Alves Takes Out Koscheck; Sherk Outpoints Griffin at UFC 90

By Joe Hall Oct 26, 2008
Thiago Alves hurt Josh Koscheck early in their UFC 90 welterweight fight. The 25-year-old American Top Team product put a left hook on Koscheck’s ear, which sent him staggering. The end looked close, but Koscheck made a gutsy recovery while working for a takedown. He didn’t get the takedown, but he stayed in the fight and a minute later he was backing Alves into the cage with his own punches.

Alves regained control, though, and maintained it for the rest of the fight. Koscheck came out swinging in the second with an overhand right and knees to the body of Alves, who moved well and kept kicking to Koscheck’s legs. The kicks were hard and quick, and Koscheck had no answer for them.

Koscheck couldn’t get a takedown, either. He shot for a single-leg with a minute to go in the second period, but Alves stopped it and was backed into the cage, where he showed excellent defense and was still standing when the round closed.

Alves staggered Koscheck again with a knee to the face to open the third. Again Koscheck showed his heart while hanging on and fought until the final bell, though Alves punished him with more kicks en route to claiming the unanimous decision: 30-27, 29-28, 30-27.

Afterward Alves, who has won seven straight in the UFC, pleaded to UFC President Dana White for a title shot.

“I’m still a good boy,” he said. “So please, hook me up. Give me a title shot.”

Koscheck, who had gamely replaced an injured Diego Sanchez on two weeks’ notice, fell to 9-3 in the UFC and 11-3 overall.

Gray Maynard outwrestled Rich Clementi and controlled him on the ground in their lightweight bout to earn a unanimous decision, 30-27 on all three cards.

Clementi stuffed his opponent’s first takedown attempt but not many others. Fighting out of Xtreme Couture in Las Vegas, the 29-year-old Maynard dumped his much more experienced opponent to the canvas with a takedown off a kick late in the first. He slammed Clementi several more times in the second and third rounds, which weren’t much different from the first.

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Gray Maynard dominated Clementi
with takedowns and control.
“I wanted to strike a lot more. I have a great coach. We’ve been boxing. [Clementi] was kind of throwing me off,” said Maynard, now 6-0 (one no contest), who received some boos. “Hey, Chicago, I’m sorry about that.”

Clementi, 32, of Slidell, La., was active on the ground and worked for sweeps throughout. Maynard stayed on top, though, punched and accumulated points to end Clementi’s three-fight win streak in the UFC.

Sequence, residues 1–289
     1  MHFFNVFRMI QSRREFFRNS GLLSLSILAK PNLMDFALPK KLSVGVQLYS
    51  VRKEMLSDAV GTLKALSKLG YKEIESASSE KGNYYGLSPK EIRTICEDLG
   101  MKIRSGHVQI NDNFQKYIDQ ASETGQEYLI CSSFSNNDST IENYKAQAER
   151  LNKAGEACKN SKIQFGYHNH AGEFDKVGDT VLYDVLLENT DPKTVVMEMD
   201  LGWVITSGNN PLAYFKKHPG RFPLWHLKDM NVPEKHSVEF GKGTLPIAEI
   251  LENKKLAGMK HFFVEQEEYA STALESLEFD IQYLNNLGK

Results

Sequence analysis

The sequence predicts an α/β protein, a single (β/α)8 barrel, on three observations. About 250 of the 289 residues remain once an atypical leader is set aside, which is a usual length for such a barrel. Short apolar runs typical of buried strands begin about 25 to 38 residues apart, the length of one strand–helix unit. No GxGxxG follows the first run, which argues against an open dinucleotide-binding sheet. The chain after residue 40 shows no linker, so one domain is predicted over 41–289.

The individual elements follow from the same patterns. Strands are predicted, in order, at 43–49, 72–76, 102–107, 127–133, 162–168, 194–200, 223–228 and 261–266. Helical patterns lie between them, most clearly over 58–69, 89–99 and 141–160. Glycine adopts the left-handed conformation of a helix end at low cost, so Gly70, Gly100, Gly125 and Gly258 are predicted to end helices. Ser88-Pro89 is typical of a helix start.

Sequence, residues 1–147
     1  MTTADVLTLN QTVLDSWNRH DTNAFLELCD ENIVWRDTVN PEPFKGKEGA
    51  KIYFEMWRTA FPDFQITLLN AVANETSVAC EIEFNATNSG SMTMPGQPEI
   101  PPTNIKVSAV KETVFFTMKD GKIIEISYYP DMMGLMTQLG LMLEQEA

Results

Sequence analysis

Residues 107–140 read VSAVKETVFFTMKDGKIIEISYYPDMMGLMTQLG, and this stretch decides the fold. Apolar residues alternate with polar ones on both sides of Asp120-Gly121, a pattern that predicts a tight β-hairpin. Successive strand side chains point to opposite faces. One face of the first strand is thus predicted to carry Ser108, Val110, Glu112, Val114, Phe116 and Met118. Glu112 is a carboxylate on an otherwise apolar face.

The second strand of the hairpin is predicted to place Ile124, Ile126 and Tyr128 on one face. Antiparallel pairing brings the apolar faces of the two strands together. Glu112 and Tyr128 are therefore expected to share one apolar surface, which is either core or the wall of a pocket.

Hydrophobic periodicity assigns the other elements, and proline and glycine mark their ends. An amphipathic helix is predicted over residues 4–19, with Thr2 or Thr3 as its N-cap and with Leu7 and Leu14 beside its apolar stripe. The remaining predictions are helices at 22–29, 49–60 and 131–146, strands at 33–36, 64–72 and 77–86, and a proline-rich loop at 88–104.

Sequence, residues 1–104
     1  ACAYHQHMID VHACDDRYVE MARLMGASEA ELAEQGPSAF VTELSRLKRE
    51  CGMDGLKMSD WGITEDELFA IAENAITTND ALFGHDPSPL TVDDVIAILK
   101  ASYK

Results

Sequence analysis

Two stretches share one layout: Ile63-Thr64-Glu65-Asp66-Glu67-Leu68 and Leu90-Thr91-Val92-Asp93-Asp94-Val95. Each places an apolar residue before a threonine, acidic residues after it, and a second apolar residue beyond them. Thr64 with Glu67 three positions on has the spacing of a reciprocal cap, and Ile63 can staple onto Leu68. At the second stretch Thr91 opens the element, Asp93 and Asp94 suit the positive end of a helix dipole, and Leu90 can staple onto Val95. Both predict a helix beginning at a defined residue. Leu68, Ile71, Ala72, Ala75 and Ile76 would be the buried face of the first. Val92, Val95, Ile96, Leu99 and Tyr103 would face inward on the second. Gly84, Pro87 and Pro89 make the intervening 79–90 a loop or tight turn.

Junior dos Santos made the most of his UFC debut by stopping heavyweight contender Fabricio Werdum 1:20 into the first round. The Brazilians traded leg kicks early. Dos Santos then stepped in with an uppercut that clocked his ducking opponent.

Werdum collapsed to his knees, and Dos Santos hammered away on the ground until the fight was stopped.

“I train with the best in the world, which is ‘Minotauro’ Nogueira. He’s my coach. He’s everything,” said the 24-year-old Dos Santos, now 7-1. “I believed in my hands. I knew that I was a little sketchy going to the ground, but standing up I knew that I could get him.”

With the loss, Werdum dropped to 11-4-1.

In the opener to the main card, Sean Sherk won an entertaining unanimous decision over Tyson Griffin: 30-27, 29-28, 29-28.

Both fighters came out in low stances, but Griffin’s couldn’t keep him from giving up a takedown to Sherk early. The former UFC lightweight champion later picked Griffin’s ankle a second time and took his back twice during the period.

Griffin, 24, fighting out of Xtreme Couture in Las Vegas, landed a good right hand off one break and also planted a solid kick into Sherk’s body. Sherk, 35, was also effective with his hands, particularly with quick, tight combinations on the inside.

Griffin snuck another kick into Sherk’s body to start the second round. In response, Sherk shot for a double-leg that put Griffin on his back momentarily. In fact, Sherk’s takedown attempts never kept Griffin down for long, though they allowed “The Muscle Shark” to score points with punches as Griffin worked himself free.

The best strike of the round may have belonged to Griffin, however. He scored with a heavy leg kick and began to taunt Sherk after it landed. Sherk didn’t wilt under the pressure that followed, but Griffin got the better of the next exchange.

After buckling briefly from a right hand in the opening seconds of the third round, Sherk returned to his punch combinations. He stood in the center of the Octagon, throwing his hands whenever Griffin came in for a trade. Griffin countered with kicks and his own punches, but they were not enough to convince the judges in the end.

“I felt like I was a little more active,” said Sherk, who rebounded from his loss to B.J. Penn in May while giving Griffin his second loss in seven UFC appearances. “I felt like I maybe landed a few more punches, plus a couple of takedowns and I took his back twice. It was a close fight. I did feel confident I won the fight, though.”
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